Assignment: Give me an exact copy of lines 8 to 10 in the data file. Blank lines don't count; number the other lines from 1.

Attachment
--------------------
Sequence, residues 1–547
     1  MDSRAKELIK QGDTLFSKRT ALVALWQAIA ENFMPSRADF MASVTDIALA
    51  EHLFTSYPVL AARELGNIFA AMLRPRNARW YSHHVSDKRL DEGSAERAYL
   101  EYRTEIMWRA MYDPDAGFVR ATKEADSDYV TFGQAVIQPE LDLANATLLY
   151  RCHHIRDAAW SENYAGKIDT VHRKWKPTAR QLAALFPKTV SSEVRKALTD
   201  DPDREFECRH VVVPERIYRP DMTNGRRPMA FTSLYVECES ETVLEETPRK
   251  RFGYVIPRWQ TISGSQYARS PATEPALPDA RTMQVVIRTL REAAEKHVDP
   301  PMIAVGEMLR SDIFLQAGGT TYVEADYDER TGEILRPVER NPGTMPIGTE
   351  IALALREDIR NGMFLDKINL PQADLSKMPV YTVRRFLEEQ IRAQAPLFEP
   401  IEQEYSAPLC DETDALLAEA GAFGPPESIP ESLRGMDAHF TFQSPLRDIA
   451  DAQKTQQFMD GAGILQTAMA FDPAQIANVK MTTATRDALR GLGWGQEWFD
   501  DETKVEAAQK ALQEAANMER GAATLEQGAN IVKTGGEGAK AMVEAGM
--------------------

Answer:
   301  PMIAVGEMLR SDIFLQAGGT TYVEADYDER TGEILRPVER NPGTMPIGTE
   351  IALALREDIR NGMFLDKINL PQADLSKMPV YTVRRFLEEQ IRAQAPLFEP
   401  IEQEYSAPLC DETDALLAEA GAFGPPESIP ESLRGMDAHF TFQSPLRDIA